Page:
Maybe estimates of sea level increases are low; maybe climate change damage will be greater than expected

June 20, 2009

Eternal Hope at Daily Kos wonders what happens if the conservative estimates of sea level rise — the ones you usually see cited in the press — turn out to be way too conservative.  What happens if sea levels rise about double what some are estimating now?

If the severity and frequency of storms does not increase much, we may be able to accommodate the changes over time (though remember, some say we can do it easily).

How willing are the skeptics and denialists to tell cities and insurance actuaries that the fears of ocean-level increases are piffles?

Speaking of insurance:  Texas has been hammered over the past 20 years by unseasonal and much more-severe-than-usual thunderstorms, ice storms, straightline winds, tornadoes and hurricanes.  Home insurance rates skyrocketed.  State regulators argue with insurance companies about whether rate increases are justified.  Insurance companies cite claims for problems that did not exist earlier, and which may be blamed on climate change.  (How much excess mold will occur due to warming?)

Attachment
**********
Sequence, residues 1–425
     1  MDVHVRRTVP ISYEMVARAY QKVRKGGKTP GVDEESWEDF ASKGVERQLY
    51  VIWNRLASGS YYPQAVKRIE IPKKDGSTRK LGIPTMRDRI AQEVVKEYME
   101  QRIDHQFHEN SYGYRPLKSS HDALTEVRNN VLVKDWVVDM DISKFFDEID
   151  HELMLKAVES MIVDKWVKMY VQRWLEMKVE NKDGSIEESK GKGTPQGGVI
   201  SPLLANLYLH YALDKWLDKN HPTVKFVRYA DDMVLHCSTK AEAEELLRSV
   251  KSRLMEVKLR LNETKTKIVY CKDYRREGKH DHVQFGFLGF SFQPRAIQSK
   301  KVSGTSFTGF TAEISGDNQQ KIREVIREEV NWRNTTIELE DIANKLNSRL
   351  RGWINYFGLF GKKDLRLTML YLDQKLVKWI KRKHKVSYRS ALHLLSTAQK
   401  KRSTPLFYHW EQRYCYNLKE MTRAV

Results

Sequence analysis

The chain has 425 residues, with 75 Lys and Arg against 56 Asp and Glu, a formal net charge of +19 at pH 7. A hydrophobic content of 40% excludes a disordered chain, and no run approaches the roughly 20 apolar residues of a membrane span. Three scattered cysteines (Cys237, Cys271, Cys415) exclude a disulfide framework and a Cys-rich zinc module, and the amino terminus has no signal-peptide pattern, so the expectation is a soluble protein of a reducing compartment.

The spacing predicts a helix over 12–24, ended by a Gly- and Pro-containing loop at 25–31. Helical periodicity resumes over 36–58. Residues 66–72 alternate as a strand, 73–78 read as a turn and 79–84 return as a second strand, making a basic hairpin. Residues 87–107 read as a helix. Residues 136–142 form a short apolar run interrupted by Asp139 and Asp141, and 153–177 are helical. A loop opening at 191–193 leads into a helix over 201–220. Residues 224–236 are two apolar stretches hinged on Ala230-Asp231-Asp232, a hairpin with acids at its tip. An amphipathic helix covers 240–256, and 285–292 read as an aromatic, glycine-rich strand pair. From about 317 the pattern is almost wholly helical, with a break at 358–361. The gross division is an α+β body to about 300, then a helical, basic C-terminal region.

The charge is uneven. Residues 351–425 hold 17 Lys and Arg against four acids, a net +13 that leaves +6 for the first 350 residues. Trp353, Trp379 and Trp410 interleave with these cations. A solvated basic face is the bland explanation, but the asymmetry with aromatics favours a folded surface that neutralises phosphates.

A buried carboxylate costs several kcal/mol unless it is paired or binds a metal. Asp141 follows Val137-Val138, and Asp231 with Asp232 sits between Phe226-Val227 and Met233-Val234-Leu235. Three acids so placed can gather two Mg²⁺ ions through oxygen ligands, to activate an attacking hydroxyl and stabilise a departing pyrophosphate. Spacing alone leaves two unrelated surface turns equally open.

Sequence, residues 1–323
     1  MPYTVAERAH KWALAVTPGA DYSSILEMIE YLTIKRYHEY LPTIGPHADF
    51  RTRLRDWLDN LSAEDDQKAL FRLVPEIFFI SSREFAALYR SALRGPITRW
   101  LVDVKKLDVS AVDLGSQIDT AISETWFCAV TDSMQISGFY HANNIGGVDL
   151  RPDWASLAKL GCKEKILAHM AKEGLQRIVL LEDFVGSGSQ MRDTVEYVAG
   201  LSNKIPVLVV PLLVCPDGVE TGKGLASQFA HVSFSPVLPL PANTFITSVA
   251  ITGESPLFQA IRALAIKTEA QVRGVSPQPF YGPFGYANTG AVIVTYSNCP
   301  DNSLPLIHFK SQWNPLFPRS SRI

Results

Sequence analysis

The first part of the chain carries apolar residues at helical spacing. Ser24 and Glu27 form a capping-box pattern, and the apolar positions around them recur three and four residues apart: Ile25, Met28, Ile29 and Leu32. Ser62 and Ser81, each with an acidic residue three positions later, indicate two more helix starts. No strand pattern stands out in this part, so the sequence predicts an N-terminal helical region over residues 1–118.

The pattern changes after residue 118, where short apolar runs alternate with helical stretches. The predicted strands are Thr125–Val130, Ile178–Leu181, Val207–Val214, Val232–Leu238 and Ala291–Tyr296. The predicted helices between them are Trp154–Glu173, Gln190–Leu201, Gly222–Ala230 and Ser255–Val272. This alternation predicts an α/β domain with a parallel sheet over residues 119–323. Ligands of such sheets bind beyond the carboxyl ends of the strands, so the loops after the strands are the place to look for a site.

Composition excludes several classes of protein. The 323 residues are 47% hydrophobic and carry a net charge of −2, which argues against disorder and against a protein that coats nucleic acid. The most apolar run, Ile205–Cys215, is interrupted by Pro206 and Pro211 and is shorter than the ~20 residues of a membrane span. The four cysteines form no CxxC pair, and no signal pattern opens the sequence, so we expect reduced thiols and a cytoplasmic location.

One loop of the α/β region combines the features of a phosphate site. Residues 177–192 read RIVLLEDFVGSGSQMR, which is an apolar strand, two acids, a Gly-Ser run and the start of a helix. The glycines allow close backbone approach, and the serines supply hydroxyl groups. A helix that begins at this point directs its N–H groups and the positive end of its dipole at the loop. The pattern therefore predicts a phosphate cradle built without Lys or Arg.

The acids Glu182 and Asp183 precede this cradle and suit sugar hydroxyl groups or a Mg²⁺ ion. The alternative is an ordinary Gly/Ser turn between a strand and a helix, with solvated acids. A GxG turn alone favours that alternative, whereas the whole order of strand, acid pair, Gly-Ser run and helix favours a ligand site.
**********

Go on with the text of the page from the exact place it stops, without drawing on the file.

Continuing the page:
Sometimes the arguments erupt into lawsuits and regulatory action.  One such argument drags on now, with up to a $1 billion in overcharges at stake.  How much of the fight from the insurance companies comes from their fears of the effects of global warming?


Heads up on student loans

June 20, 2009

Short note from Di Mortui Sunt:

Got student loans?  Did you know that the Federal government is changing the rules on the direct loans they give to students?  The two big changes are debt forgiveness, for those who meet certain guidelines, and new income based repayment plans.  If you’re about to get loans, you might want to wait til after July 10, when the new rules go into effect as the interest rate will be dropping and the size of the Pell Grant will increase.  Overview here and the official site here.

Official information from the U.S. Department of Education here.  You may want to check with the financial aid office at your college, too.  Gather ye lots of information while the gathering is good.


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